“Some characters will have a predisposition to being spies,” Bickham explained. “Not all characters. If you have a very honorable character he wouldn’t be, but there are those in the game with a willingness to engage in subterfuge. So if you have a character, like a character who you’ve worked up through the ranks, you’ll be able to ask them if they’re willing to go spy for you. If they do, it’ll look like the character has been fired in the eyes of the other factions. He’ll just be a recruitable character in the pool like those you’ve previously let go. If somebody else recruits him, immediately you’ll get vision over their holdings. The spy is there and he’s embedded, providing you information on what’s going on.”
“The longer he remains, he builds up his cover. The longer he’s there, the more powerful actions you can unlock. The more advanced the espionage is, the more likely it’ll be he blows his cover. If your spy stays undercover for so long they actually become well-liked within their faction, he can be employed as the heir to it. Suddenly, your guy is the next in line to the throne to this faction. And if something were to happen to the faction leader, your spy can become their new leader, at which point you’ll trigger a civil war and try to flip that faction over to your side. Of course, there’s going to be a lot of polarization but you can split it in half and go to war with the other.”
Unfortunately, my brief outing with the title did not allow me to try out the spy system, but it did give me an idea of just how a Total War game plays. My only experience with the franchise is with Spartan: Total Warrior. Yes, I did ask the developers to port the game to Switch and, no promises, but they seemed strangely receptive to the idea. Anyway, that’s the lump sum of my time with the series but I do have a history of playing real-time strategy games like Command & Conquer: Red Alert and those awesome Star Wars Battlegrounds titles that are basically just C&C clones.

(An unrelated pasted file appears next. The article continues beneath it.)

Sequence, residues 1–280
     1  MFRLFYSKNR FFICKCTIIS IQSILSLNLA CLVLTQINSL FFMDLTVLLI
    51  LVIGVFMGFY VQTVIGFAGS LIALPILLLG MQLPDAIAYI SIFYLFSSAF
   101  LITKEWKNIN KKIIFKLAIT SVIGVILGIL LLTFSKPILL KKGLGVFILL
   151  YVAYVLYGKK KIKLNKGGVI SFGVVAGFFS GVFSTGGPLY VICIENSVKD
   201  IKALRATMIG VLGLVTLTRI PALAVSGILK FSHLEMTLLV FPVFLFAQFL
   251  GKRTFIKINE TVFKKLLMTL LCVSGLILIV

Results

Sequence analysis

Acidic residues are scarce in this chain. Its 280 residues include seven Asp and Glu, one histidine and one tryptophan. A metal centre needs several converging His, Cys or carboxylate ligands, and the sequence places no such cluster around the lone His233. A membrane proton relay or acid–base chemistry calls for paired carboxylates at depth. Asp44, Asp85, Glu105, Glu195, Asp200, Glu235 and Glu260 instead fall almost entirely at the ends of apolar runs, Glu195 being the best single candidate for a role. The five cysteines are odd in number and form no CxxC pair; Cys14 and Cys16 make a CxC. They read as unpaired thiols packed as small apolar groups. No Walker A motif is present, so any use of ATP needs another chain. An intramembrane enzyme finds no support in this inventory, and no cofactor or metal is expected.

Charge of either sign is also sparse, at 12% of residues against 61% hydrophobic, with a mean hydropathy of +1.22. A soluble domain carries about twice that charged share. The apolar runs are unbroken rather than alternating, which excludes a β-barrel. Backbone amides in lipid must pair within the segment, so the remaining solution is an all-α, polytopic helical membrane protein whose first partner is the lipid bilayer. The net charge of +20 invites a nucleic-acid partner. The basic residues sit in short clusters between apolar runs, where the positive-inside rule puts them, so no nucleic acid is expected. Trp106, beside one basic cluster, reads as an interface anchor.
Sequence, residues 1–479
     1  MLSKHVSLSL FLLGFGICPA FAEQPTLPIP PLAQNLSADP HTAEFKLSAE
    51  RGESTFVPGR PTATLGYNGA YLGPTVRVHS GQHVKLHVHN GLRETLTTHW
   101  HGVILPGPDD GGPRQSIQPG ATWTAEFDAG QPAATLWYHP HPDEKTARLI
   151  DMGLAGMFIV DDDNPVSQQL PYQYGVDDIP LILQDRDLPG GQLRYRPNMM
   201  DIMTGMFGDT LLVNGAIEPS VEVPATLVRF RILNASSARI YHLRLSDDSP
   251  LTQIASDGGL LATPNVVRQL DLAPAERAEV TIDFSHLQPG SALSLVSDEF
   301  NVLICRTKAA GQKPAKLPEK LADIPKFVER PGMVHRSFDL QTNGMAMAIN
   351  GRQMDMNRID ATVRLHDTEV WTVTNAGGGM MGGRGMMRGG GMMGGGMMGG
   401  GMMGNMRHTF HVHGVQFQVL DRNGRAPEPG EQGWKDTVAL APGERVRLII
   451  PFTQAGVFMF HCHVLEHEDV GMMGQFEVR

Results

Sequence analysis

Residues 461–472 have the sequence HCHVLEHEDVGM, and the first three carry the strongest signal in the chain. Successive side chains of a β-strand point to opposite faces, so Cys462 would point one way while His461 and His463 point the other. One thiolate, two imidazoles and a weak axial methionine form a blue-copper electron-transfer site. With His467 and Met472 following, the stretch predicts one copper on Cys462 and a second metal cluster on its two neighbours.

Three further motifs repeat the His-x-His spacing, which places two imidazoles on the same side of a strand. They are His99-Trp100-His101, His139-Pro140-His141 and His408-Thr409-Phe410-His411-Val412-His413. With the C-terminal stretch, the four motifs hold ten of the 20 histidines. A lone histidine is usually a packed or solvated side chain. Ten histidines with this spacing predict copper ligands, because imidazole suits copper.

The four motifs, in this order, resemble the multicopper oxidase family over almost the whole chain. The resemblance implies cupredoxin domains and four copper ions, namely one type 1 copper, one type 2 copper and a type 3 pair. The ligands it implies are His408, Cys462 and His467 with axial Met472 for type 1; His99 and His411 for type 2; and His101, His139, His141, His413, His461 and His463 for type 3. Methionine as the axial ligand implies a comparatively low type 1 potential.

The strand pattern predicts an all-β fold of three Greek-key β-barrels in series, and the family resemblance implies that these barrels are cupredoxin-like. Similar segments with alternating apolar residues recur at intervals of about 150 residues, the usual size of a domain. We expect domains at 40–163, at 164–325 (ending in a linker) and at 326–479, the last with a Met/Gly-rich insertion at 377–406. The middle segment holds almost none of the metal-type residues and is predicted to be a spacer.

Total War is nothing like those games.
If anything — you’ll probably hate me for this comparison — it comes across to me more like a real-time Fire Emblem. There’s a weapons triangle to worry about, squad placement is extremely pivotal, and the ebb and flow of each battle carries a similar rhythm to that found in many of the FE missions. As stated above, in my demo, I took control of the Sun siblings as they made their way along a trail through the night before being ambushed by opposing factions. To give you a taste of how Total War: Three Kingdoms is in action, here is actual footage of me playing the mainline franchise for the very first time.
Okay, I lied. That’s the second time I played. The first was right before this when I was overwhelmed by the unexpected rear flank and failed to reach the exit point. But really, not bad for someone with approximately 20 minutes total of series playtime.
Total War: Three Kingdoms is scheduled for release next Spring, hopefully right around the time I receive my tax refund check so I can finally build or buy myself a proper gaming PC to play it on. If you’d like to show everyone how much better of a Total War player you are than I, the demo above will be on the floor at Gamescom next week.